I hope that you will be able to come to terms with stepping back or away. It will be difficult to do because you are fond of your friend but once you reach your limit you must. SS will have to find a solution.
Hello, just an update on my friends visit from ss. He does have capacity, and really wants to get back to his own flat. 3 days on the trot now he has phoned me, begging me to collect him, he hates it there, but he doesn't complain to any one in there, and they assume he has settled. Ss, want to offer him a rolling respite, not quite sure how that works, I have a meeting with them on Wednesday next, Will update then.
 

Feeling unsupported

Registered User
Jul 9, 2021
49
0
My friend has recently been found to have capacity in relation to her living arrangements. I’ve decided that if my friend won’t accept live-in care then I will have to walk away as I am finding it all too much. Like you, my friend has a care package but there are so many things that it doesn’t cover, in particular, things breaking down in the house. I find being the first port of call for everything and everyone especially wearing. Essentially, I am running her house, her care package, her finances and her life and health admin. The week before I went on holiday I was at her house every day doing things and that was without her being there (she was in hospital).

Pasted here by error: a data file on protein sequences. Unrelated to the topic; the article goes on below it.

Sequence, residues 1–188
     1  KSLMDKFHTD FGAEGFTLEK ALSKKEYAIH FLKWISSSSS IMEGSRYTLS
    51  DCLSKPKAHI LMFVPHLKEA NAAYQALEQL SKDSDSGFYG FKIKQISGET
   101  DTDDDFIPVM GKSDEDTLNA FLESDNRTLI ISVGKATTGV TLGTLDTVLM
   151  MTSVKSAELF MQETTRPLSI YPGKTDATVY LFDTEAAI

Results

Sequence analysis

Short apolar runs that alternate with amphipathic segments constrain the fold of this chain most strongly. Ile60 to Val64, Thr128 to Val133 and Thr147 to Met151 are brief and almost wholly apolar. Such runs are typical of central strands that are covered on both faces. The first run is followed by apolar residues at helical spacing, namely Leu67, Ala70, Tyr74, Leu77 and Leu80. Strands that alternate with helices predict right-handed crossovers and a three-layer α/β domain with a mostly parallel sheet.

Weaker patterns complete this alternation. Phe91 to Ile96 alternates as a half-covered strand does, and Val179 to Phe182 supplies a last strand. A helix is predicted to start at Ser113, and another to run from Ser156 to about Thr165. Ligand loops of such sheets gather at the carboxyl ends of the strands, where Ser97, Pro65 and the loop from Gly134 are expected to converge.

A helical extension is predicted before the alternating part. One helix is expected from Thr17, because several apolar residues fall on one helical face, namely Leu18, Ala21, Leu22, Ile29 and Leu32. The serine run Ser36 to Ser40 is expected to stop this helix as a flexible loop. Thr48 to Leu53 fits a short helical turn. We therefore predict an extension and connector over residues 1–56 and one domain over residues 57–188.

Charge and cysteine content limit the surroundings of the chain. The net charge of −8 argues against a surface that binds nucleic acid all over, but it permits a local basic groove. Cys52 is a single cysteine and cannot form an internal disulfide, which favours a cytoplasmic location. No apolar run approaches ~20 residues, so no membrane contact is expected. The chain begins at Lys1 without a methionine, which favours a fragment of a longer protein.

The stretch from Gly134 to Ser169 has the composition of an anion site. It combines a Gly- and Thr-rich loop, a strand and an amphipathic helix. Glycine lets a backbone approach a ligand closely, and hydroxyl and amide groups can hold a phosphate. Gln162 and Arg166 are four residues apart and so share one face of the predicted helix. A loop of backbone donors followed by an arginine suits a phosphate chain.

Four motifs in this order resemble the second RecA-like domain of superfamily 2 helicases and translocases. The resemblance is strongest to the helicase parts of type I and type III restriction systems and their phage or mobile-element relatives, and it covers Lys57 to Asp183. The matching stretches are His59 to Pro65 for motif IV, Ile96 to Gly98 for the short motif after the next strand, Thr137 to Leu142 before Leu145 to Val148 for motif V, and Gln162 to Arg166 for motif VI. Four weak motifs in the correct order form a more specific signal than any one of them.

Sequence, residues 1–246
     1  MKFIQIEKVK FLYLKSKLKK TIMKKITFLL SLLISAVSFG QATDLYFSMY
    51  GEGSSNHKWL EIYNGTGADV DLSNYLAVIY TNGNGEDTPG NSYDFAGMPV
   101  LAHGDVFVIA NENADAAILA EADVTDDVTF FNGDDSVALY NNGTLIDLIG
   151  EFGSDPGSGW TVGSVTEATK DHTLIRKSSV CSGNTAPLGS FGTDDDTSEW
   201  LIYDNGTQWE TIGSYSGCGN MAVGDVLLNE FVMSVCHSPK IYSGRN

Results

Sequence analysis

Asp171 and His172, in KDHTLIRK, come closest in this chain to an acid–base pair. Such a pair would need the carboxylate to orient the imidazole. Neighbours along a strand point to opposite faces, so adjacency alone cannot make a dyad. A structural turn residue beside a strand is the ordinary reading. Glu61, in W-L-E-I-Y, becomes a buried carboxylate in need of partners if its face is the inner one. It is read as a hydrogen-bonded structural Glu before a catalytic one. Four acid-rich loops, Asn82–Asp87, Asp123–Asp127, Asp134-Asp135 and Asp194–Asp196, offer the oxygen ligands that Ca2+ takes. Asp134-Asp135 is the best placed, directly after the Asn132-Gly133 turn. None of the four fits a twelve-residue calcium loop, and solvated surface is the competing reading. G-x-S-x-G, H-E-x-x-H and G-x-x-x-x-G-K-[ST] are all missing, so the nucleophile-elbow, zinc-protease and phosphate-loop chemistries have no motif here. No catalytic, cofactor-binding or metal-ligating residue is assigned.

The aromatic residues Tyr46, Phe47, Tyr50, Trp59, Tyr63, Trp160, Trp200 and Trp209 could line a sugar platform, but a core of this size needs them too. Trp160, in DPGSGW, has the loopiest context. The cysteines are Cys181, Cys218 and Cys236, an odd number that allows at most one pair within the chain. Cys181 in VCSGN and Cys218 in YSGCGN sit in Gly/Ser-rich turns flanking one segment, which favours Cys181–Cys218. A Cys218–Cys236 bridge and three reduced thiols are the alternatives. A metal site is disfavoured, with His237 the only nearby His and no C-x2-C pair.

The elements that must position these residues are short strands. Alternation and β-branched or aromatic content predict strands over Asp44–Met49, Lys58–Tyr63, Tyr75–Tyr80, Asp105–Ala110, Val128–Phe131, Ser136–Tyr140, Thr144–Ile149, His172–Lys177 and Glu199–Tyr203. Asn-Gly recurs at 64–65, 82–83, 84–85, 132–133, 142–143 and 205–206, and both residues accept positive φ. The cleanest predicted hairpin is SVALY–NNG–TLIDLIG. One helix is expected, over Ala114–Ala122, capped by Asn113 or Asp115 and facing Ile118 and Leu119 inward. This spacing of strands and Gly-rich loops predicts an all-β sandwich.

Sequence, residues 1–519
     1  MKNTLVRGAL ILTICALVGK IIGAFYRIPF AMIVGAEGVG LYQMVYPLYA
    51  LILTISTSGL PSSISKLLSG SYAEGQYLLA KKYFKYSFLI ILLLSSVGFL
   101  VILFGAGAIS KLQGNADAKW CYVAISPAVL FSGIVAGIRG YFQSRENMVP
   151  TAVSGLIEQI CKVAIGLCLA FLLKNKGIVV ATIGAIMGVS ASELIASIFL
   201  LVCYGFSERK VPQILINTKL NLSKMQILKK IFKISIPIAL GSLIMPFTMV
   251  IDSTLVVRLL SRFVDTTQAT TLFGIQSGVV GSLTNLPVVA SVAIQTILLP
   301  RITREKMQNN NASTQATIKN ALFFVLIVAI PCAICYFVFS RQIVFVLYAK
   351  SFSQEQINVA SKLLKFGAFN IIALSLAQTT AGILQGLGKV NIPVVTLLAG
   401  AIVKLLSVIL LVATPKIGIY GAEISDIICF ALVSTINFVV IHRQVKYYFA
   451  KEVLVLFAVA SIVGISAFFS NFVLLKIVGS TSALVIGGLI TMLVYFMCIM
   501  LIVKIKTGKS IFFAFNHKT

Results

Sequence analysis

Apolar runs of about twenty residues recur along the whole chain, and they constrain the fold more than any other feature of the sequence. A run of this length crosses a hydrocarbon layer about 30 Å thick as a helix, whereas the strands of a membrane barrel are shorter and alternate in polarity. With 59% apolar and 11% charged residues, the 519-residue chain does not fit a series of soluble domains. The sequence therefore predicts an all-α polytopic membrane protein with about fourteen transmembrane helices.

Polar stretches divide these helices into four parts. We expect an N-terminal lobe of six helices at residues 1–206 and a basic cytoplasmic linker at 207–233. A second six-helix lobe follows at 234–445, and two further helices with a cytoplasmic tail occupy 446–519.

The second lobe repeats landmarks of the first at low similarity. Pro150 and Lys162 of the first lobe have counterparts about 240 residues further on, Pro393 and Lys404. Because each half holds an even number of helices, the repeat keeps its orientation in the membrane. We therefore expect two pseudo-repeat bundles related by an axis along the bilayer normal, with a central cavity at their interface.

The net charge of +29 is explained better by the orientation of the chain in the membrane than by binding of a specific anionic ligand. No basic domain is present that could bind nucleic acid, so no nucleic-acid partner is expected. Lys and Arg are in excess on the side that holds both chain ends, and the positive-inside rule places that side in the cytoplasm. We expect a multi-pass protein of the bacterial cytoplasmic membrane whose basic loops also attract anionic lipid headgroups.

I hope that you will be able to come to terms with stepping back or away. It will be difficult to do because you are fond of your friend but once you reach your limit you must. SS will have to find a solution.
For several years I have had to be very pro-active in organising mum's care. I do not and am not, willing to provide her personal care and have therefore not been classed as a carer. This has meant her supported living establishment would not allow me to visit her, for much of the last 18 months. I could not get any support or priority for covid jabs etc, in my role as a carer. However, I have spent innumerable hours most weeks, battling with her admin re household expenditure, generally trying to get things sorted, chasing medical professionals and prescriptions, the list is endless. I was almost pushed to breaking point. How you amazing people manage, when also living with and providing hands on care for your PWD is just phenomenal, you have my utmost admiration.👏😘